Celtic strength and depth key to treble ambitions

Celtic were simply devastating in their victory over Hearts. The finishing was emphatic, they ruthlessly exposed their opponents' weaknesses, and they capitalised on mistake time after time after time. And, to top it off, they did so without the firepower of Leigh Griffiths and Moussa Dembele, racking up five goals en route to the single biggest league win at Tynecastle since the early 1970s.
Celtic have wrapped up the title. Now they chase the Scottish Cup and the chance to finish the season undefeated. Picture: SNSCeltic have wrapped up the title. Now they chase the Scottish Cup and the chance to finish the season undefeated. Picture: SNS
Celtic have wrapped up the title. Now they chase the Scottish Cup and the chance to finish the season undefeated. Picture: SNS

The strength of depth available to them is phenomenal by Scottish football standards. Look anywhere on the field and you’ll find a deputy ready to step up who’s capable of starting for most other teams in the league. Dembele and Griffiths are out? It’s ok, there’s Scott Sinclair and Patrick Roberts. Jozo Simunovic is down, why not take Kolo Toure out of storage? Kieran Tierney will miss two months? Just slot Emilio Izaguirre in.

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It’s hard to imagine a scenario that’ll cause enough damage to the starting XI where you would no longer fancy them to win the treble. Not the mention the goal of ending the season as the first unbeaten Scottish side in history across all domestic competitions.

They’ve rarely even looked close to losing and have never even trailed a game going into the final 15 minutes. What’s more, they have an unquenchable thirst for blood. As evidenced by the Tynecastle massacre, they keep on going until the very end, not content with sitting on a 3-0 lead with the points most definitely in hand. They want to entertain. They want to wow. And they want to remain unbeaten.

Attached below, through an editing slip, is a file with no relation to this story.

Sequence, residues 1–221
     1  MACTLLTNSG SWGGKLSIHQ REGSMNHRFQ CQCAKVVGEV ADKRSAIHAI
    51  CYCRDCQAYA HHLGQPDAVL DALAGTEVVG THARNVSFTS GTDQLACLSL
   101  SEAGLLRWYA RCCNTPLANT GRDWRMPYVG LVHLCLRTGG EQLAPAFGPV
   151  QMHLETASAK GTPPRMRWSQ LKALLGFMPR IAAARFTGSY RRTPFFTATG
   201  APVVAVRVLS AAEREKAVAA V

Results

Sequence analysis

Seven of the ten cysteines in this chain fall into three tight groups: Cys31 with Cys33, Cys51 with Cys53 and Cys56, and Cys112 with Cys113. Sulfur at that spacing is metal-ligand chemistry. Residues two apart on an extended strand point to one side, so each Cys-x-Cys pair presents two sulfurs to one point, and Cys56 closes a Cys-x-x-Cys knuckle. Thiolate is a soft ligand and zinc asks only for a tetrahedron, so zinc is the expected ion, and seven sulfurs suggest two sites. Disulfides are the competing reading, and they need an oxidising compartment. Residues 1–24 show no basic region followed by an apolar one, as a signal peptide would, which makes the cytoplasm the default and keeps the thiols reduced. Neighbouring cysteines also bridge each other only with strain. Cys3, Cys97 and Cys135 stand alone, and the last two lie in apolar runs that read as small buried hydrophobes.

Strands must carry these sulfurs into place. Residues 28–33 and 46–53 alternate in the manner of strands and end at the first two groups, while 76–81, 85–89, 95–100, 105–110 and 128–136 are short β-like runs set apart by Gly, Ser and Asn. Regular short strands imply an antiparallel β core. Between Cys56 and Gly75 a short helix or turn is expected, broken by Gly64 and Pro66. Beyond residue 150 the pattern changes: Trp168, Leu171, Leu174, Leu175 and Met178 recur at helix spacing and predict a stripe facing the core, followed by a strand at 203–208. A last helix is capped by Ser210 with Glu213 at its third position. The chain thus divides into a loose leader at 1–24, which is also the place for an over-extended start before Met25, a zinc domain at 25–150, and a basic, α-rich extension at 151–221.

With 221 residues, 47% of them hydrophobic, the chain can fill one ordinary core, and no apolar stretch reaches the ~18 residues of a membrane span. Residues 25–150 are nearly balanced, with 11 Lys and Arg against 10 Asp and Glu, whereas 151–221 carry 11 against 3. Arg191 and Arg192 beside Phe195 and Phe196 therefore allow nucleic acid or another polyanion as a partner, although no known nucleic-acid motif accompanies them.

But at what cost? Manager Brendan Rodgers said himself after the game, Champions League qualifiers start in late June. Five members of the first-team - possibly seven if Callum McGregor plays his way into Gordon Strachan’s plans and Leigh Griffiths returns from injury in time - will almost certainly be in the Scotland squad for the 10 June battle with England.

Can Celtic continue to keep playing Craig Gordon, Kieran Tierney, Scott Brown Stuart Armstrong and James Forrest every game between now and then and expect them to be at peak condition when it’s time to begin the arduous march toward the Champions League group stages?

Then there’s the small matter of the all-Old Firm Scottish Cup semi-final, a significant hurdle on the journey towards achieving the treble, not to mention the final itself against either Hibs or Aberdeen.

It’s a balancing act Brendan Rodgers will have to handle pretty well. Celtic fans won’t like the comparison, but you only have to look back to last season and Rangers for the detrimental effect late-season rest can have on a side. The Scottish Cup final was one of the worst displays we saw from Mark Warburton’s men in that campaign, and you have to imagine having three weeks off going into the match was a hindrance rather than a help.

Celtic, though, are a more dominant side in their division than Rangers of 2015/16 season were in theirs, and with the determination to see this through it’ll highly unlikely that they fail to complete the treble at the campaign’s end. But what of the unbeaten season?

The aforementioned seven players aren’t going to be rested for cup games, but there will surely be the odd league game or two where they’ll watch from the stands. How will that impact the flow of the team?

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Making one or two changes to a starting XI is fine, even when the league is already wrapped up. From what this team has shown, they’ll take the fight to the very end regardless of whether there is anything to play for or not. But it’s when a manager makes wholesale changes to a starting XI that things can become a little disjointed.

Putting out a deliberately weakened unit also gives a lift to the side they’re facing. Regardless of occasion, opposing players are always up for facing Celtic. It’s a standard they want to reach and they want to prove they belong by performing against them. Seeing it’s Liam Henderson and Nir Bitton they’ll be facing rather than Stuart Armstrong or Scott Brown, with all due respect, would only boost their confidence.

Pragmatism would dictate they should focus on the long-term benefits for the club and its players. But this is a chance at making history. Such an accomplishment is what football is all about. This squad and Brendan Rodgers will be remembered forever if they manage to achieve it. And, let’s be honest, it’s theirs if they want it.